Yesterday was another bitter, rainy day (I second the bipolar Mother nature comment I made before) so I hopped a day tour to the Connemara, an area north of Galway. It didn’t stop raining the entire time (10-6) but the scenery was still beautiful in a foggy, mysterious way, and we were sheltered on the bus for most of the trip anyway.
My tour guide taught me how to pronounce two Irish words I see every where. Failte means ‘welcome’, and is pronounced ‘fall-cha’. Slainte means ‘cheers’ and is the common Irish drinking toast, pronounced ‘slancha’. ON another random note, I completely forgot to mention the redneck trailer park in the Macgillycuddy Reeks mountain range (back in Kerry). I just remembered it the other day and made a note to mention it. It came complete with motors and furniture in the yards, and mismatched lawn chairs. I felt like I was in Shively!
It irritates me to see all these beautiful border collies and golden retrievers who aren’t allowed inside, even when it’s raining buckets and freezing cold. I know they have fur coats and it doesn’t really matter all that much to them, but I’d never leave my Tiff outside like that. I’m a firm believer that my pets are my family and they deserve just as much love and affection. If I had a fire going in my fireplace on a rainy, cold, windy day all my dogs and cats would be curled up before it with me.
Speaking of cats (I just keep getting more and more off subject) there is no shortage of tom cats in this country. I see them every where, missing eyes and tails, fur matted and dirty. They sit on the side of the road and glare at you while you pass by, surely plotting the untimely fall of mankind. They lick their paws and pretend to groom themselves, when you know actually they’re contemplating the doomsday device their coven of misfit brothers created just the night before while the hapless humans slept. I love cats, they’re so full of character, and these guys? They’re the godfathers of all cats. My fat pampered babies wouldn’t last five minutes in a fight with these Irish toms. Shera could maybe hold her own, as she was a barn cat in her past life, but Bart and Loki? They’d be toast.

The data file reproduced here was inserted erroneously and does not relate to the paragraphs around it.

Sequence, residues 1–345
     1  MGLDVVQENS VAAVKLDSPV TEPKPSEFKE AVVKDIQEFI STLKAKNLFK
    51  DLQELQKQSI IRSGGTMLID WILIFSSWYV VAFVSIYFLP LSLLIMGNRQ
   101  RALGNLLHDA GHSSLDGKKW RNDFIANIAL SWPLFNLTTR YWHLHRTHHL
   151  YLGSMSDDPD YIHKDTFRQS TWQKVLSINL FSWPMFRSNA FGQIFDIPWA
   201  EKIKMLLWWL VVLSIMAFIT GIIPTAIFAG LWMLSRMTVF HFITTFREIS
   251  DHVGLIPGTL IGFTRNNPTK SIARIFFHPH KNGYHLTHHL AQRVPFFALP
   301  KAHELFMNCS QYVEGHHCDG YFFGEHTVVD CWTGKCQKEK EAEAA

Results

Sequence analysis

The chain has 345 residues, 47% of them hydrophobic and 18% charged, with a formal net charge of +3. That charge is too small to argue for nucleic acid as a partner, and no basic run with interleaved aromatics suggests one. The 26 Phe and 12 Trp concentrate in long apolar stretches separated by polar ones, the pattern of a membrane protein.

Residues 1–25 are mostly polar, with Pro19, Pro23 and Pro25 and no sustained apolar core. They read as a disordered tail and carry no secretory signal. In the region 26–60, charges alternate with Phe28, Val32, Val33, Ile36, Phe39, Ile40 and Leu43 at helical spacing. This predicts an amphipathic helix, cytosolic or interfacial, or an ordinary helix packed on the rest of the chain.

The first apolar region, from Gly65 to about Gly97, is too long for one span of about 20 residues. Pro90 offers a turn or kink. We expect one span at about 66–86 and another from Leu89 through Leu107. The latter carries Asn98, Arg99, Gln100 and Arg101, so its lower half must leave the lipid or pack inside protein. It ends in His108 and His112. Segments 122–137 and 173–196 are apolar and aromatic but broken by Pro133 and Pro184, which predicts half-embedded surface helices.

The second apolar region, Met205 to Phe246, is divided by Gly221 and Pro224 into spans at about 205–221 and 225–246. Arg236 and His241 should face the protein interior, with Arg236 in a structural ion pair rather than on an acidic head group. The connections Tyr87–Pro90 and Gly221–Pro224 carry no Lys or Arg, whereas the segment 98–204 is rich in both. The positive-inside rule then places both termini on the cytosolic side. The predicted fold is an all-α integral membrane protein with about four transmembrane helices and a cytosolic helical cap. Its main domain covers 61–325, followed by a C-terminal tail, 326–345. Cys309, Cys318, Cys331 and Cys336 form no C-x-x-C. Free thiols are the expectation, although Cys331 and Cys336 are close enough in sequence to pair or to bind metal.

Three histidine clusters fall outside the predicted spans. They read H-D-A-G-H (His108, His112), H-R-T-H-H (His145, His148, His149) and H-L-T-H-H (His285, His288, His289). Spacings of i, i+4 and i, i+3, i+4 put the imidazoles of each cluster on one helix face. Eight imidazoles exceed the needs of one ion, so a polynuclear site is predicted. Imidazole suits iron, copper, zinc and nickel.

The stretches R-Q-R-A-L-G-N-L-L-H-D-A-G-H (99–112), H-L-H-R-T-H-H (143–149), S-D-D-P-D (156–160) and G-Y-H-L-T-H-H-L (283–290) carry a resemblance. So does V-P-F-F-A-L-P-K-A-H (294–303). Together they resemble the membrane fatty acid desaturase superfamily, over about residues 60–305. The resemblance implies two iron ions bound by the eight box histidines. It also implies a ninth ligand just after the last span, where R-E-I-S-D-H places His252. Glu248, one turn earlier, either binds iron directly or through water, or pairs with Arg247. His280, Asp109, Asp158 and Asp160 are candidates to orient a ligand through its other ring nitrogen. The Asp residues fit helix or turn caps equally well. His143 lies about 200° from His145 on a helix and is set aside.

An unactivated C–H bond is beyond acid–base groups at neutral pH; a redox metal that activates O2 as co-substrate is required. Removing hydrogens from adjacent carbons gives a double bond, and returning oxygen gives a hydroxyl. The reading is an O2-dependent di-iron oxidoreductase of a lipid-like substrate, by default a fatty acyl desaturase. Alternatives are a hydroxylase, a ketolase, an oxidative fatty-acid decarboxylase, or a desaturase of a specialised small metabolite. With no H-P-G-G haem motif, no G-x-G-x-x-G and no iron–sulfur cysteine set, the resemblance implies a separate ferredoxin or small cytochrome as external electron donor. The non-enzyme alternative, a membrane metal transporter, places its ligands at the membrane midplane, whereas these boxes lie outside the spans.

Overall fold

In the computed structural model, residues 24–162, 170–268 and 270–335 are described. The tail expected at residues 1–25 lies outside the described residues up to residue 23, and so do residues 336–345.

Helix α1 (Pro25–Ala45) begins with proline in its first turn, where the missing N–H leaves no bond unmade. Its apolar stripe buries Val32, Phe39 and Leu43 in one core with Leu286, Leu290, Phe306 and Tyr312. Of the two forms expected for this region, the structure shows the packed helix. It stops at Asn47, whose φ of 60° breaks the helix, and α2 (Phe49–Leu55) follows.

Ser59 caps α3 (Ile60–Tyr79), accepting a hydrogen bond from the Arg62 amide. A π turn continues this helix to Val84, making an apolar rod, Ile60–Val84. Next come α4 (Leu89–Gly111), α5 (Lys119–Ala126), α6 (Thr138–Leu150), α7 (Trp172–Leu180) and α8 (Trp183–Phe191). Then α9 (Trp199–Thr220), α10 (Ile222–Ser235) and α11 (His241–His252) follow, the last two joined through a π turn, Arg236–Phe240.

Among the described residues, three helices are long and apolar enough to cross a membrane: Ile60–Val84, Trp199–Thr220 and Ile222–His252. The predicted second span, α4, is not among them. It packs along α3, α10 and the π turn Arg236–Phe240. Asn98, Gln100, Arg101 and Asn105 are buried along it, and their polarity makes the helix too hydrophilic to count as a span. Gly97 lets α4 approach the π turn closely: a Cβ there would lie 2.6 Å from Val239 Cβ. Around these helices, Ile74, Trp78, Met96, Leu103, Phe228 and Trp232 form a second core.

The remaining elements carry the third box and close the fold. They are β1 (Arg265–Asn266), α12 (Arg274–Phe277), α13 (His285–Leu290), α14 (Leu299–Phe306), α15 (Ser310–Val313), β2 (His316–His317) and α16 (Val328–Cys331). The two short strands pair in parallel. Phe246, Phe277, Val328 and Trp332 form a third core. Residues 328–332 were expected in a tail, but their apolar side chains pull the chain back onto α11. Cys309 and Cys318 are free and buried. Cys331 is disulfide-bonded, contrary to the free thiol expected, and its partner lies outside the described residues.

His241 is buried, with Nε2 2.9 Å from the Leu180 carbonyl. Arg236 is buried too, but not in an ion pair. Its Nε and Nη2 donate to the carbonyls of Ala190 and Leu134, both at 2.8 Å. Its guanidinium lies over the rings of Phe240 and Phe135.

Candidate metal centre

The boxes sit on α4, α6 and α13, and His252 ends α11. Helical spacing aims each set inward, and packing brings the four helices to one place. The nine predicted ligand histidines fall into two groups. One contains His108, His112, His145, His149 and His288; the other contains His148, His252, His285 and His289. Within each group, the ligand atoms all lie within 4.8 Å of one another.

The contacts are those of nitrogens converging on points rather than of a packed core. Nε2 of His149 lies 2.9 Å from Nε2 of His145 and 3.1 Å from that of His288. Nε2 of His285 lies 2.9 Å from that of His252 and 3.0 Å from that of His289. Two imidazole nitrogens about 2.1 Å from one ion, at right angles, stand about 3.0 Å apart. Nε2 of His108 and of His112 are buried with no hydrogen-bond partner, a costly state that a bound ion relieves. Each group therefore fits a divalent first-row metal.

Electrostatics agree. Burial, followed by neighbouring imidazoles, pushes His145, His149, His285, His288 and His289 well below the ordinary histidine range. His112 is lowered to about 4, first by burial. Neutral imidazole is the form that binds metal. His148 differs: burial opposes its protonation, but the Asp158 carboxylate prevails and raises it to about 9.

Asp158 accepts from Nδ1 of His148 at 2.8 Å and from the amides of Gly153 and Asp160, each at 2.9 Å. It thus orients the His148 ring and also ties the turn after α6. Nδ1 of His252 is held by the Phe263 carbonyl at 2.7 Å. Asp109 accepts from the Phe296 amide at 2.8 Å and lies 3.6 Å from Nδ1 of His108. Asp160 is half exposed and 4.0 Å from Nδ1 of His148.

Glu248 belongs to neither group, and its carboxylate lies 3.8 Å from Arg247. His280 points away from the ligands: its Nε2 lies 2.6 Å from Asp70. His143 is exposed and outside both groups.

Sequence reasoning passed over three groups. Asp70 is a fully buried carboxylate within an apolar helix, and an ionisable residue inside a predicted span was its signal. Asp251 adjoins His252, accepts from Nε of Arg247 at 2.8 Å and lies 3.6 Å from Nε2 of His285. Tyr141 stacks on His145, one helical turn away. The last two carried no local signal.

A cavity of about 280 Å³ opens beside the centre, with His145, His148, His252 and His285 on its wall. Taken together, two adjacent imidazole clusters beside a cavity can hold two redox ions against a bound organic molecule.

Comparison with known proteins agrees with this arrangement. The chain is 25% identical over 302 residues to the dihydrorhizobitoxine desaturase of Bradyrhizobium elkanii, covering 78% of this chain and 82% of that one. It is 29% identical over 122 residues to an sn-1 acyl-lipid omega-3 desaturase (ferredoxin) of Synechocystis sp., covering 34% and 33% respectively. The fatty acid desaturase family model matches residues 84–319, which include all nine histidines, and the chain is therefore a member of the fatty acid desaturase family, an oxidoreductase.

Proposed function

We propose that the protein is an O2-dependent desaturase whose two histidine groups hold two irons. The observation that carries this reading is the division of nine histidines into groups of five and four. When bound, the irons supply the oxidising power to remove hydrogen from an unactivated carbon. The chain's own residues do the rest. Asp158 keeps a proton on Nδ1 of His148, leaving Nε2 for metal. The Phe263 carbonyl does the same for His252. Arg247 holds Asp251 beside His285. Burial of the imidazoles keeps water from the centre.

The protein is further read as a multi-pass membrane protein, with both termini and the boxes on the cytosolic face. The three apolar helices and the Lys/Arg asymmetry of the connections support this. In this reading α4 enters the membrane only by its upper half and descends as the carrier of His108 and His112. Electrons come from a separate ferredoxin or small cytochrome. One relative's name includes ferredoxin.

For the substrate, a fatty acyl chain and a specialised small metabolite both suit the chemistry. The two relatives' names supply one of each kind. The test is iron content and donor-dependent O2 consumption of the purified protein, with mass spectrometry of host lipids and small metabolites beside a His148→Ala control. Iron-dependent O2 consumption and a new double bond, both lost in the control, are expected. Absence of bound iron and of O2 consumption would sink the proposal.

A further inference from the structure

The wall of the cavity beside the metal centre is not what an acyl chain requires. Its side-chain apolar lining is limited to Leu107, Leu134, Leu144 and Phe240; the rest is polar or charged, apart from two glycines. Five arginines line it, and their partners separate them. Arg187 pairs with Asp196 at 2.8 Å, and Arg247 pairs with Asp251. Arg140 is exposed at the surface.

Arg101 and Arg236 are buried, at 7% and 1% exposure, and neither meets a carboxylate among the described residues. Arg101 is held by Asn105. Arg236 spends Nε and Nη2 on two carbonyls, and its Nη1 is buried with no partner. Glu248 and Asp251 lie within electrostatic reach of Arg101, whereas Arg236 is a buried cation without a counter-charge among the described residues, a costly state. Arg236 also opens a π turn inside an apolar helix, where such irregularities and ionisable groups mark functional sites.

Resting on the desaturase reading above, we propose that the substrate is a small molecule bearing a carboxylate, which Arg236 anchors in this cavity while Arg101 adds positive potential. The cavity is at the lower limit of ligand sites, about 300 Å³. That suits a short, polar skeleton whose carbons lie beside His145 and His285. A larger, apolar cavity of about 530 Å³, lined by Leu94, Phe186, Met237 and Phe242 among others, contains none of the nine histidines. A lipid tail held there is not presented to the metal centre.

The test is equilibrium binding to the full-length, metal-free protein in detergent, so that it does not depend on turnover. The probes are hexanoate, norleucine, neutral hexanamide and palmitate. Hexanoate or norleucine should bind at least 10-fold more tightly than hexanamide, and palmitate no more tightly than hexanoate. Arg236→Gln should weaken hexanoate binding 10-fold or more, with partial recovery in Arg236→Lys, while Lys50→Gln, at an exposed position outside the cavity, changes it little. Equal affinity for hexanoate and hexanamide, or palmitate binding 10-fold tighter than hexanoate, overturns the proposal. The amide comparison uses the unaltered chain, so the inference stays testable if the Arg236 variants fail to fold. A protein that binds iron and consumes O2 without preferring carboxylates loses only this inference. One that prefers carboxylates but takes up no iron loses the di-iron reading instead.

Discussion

Back to the tour. The Connemara, while beautifully situated on the coast and in the shadow of two mountain ranges (the Maam Turks and the Twelve Bens), is a barren place. As the world has gone more and more industrial, farming has lost out to better paying work like construction and computers. The land that should pass to a farmer’s eldest son is left to become infertile since the children leave to pursue other interests. The future of Connemara farming is unstable. The government has imposed a national law, that if a farmer wants to retire and his children won’t take over, the land must be rented to someone who will farm it. IN this way, the Irish government is trying to preserve the farm land.
The Connemara is also famous for it’s bog lands. Many homes in Ireland are still heated by turf fires. Turf digging for commercial purposes has been banned but by a single Irish company contracted to do so, as bog lands take hundreds of years to form and only days to destroy. In rural areas, though, the local farmers are allowed to go out and dig for turf for their own homes, and I’m here during what you could term ‘turf season’. The farmers use a shovel like contraption to dig out log shaped sections of the turf (which is like soft earth). These are laid out for about a week or two to dry before the farmer returns to transport it all back to their farm. There are turf piles and turf trenches all over the Connemara. I’ve yet to see the farmers out doing it, but it’s fun to imagine. Irish men are so jolly and good natured, expecially in the rural areas, that groups of them probably stand out there smoking cigars, cracking each other up, and singing loud, raucous Irish folk songs while they dig. Then they all go get drunk down at the pub.
Driving past some wet areas of bog, I imagine you can’t just step off the road anywhere. You’d probably sink knee deep into the muck and mire. The roads through the bog have to be repaved every five years due to vehicle traffic disturbing the land beneath and causing ruts and bumps.
For the first time since I’ve been in Ireland, we had to stop for sheep in the road. Until you get into the backwoods of Ireland, the animals roam behind cute little fences that keep them on the farmer’s land. Once you hit the deep country, they’re wandering the wilds free as birds. The bus had to come to a complete stop as a few rams decided they wanted to try the fare on the other side of the road. The grass is always greener, and all that.